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Biden economic aide: There's 'broad support' for 4 parts of stalled Build Back Better

·Senior Producer and Writer
·4-min read

During his marathon press conference this week, President Joe Biden acknowledged the reality of the stalemate on Capitol Hill and announced that he would change tactics on his signature Build Back Better legislation and try to pass it in pieces.

“I’m confident we can get pieces — big chunks of the Build Back Better law signed into law” he told the assembled reporters.

Later during the event, the president highlighted two areas in particular: $500 billion around energy and climate change as well as universal preschool for children.

“Joe Manchin strongly supports” these ideas, Biden said of the Democratic West Virginia senator who opposes Build Back Better in its entirety.

During an interview Thursday with Yahoo Finance Live, Biden’s top economic aide added a few more provisions to the mix that might be able to become law in 2022.

“The good news is that broadly across Democrats and the American people, there is broad support” for 4 different areas, said Brian Deese, the White House National Economic Council Director.

WASHINGTON, DC - JUNE 23: Brian Deese, an economic and political advisor to U.S. President Joe Biden, peeks out of the room where a bipartisan group of Senators and White House officials are holding negotiations over the Biden administrations proposed infrastructure plan at the U.S. Capitol on June 23, 2021 in Washington, DC. After initial negotiations between the White House and Senate Republicans fell through a new bi partisan group of Senators came together with the hopes of reaching a deal for a much need infrastructure spending plan. (Photo by Samuel Corum/Getty Images)
Brian Deese during a break in negotiations with Senators over the Biden administration's proposed infrastructure plan in June. (Samuel Corum/Getty Images)

He contends that money for prescription drugs, health-care, and childcare, as well as investments in clean energy are all on the table.

Deese has been closely involved in the Build Back Better negotiations for months, often traveling to Capitol Hill to represent the White House as lawmakers have struggled for months to reach a deal.

Climate ‘is a priority’

Any piecemeal approach in the months ahead will almost surely need to pass the Senate using the reconciliation process, which can be done with only Democratic votes. That would mean continued outsized roles for Sens. Manchin of West Virginia and Kyrsten Sinema of Arizona.

Both the president and Deese agree that the energy and climate provisions could pass muster with Manchin, chair of the Senate’s Energy Committee.

WASHINGTON, DC - OCTOBER 25: U.S. Sen. Joe Manchin (D-WV) (R) and Director of National Economic Council Brian Deese (L) talk after a meeting with Senate Majority Leader Sen. Chuck Schumer (D-NY) at the U.S. Capitol October 25, 2021 in Washington, DC. Senate Democrats continue to work on their differences on the key policy priorities in the Biden administration's infrastructure and social spending package. (Photo by Alex Wong/Getty Images)
Sen. Joe Manchin (D-WV) (R) and Brian Deese (L) talk after a meeting at the U.S. Capitol in October. (Alex Wong/Getty Images)

The “need for investing in clean energy, having a more resilient energy system here in the United States [which] produces cheaper, zero carbon energy here in the United States is a priority” Deese says.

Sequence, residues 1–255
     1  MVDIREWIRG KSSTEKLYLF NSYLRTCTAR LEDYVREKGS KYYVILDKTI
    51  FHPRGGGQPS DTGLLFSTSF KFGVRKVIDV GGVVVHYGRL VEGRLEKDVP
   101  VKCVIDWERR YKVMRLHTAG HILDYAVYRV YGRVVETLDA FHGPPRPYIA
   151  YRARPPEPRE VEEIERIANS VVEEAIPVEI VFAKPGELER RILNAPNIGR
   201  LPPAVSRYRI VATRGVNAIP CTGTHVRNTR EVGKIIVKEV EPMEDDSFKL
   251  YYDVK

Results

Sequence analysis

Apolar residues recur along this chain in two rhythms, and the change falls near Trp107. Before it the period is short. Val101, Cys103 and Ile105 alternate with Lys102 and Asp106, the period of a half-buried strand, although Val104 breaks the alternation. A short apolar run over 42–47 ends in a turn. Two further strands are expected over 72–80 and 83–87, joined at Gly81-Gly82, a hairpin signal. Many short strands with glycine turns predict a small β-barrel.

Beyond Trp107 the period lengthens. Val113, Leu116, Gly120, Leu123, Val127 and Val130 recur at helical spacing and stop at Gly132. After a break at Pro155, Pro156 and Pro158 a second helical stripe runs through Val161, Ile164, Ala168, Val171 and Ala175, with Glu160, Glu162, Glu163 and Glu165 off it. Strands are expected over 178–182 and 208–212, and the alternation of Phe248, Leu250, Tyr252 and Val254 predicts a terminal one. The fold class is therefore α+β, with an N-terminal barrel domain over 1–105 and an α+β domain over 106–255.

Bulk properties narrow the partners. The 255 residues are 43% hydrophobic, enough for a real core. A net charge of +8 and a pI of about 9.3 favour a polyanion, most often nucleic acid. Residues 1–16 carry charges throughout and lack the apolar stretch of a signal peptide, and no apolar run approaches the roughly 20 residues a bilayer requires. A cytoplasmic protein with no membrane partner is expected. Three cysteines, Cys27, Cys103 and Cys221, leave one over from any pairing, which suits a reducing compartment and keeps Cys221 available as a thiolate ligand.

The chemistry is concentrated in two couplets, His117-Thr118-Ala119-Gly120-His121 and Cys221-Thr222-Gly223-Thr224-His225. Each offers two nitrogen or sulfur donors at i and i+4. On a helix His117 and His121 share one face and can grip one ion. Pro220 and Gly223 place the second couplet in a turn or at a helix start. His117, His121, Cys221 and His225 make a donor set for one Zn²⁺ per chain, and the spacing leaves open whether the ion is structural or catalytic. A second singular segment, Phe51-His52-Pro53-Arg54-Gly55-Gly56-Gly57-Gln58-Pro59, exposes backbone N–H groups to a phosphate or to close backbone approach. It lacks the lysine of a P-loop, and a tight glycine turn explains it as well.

The Biden plan’s climate provisions were already scaled back in October when lawmakers — largely at Manchin’s behest — removed the Clean Electricity Performance Program, which would have penalized utility companies which didn't move fast enough to adopt clean energy.

Future climate change efforts will be focused around tax credits to spur the energy sector to produce more clean energy, amid other provisions.

'Common areas' of 'common sense'

When it comes to childcare, the Build Back Better framework includes money for universal and free preschool for all 3- and 4-year-olds. It also includes funds for child care for even younger children, in order to lessen the burden on working parents. During his press conference, Biden focused on preschool provisions, though Deese seemed to say that money for childcare was still on the table.

Deese also predicted that two other areas “where we can find agreement” would be on prescription drugs and healthcare costs.

The prescription drug provisions in the framework would allow Medicare to negotiate prices for high-cost prescription drugs, something advocates have long pushed for. The prescription drug plans also would add price controls and penalties if, for example, a drug companies were to increase their prices faster than inflation.

On heath-care costs, Biden and his team's main efforts have been to reduce Obamacare premiums. Another idea is to provide tax credits to lower-income Americans to help more people get coverage.

“All of those areas are areas where Democrats agree and the American people agree” said Deese, adding “they are common sense.”

The expanded Child Tax Credit was largely unmentioned by both Biden and Deese. It was to be a signature Biden accomplishment but expired at the start of 2022 and appears to be unlikely to be revived anytime soon in the face of Manchin’s opposition.

During Wednesday’s press conference, Biden responded to a question about the fate of the expanded Child Tax Credit by saying it was one of the “big components that I feel strongly about that I’m not sure I can get in the package.”

Deese concurred Thursday saying it's "gonna be tough” to get that provision back, even with Biden and the White House supporting it strongly.

Ben Werschkul is a writer and producer for Yahoo Finance in Washington, DC.

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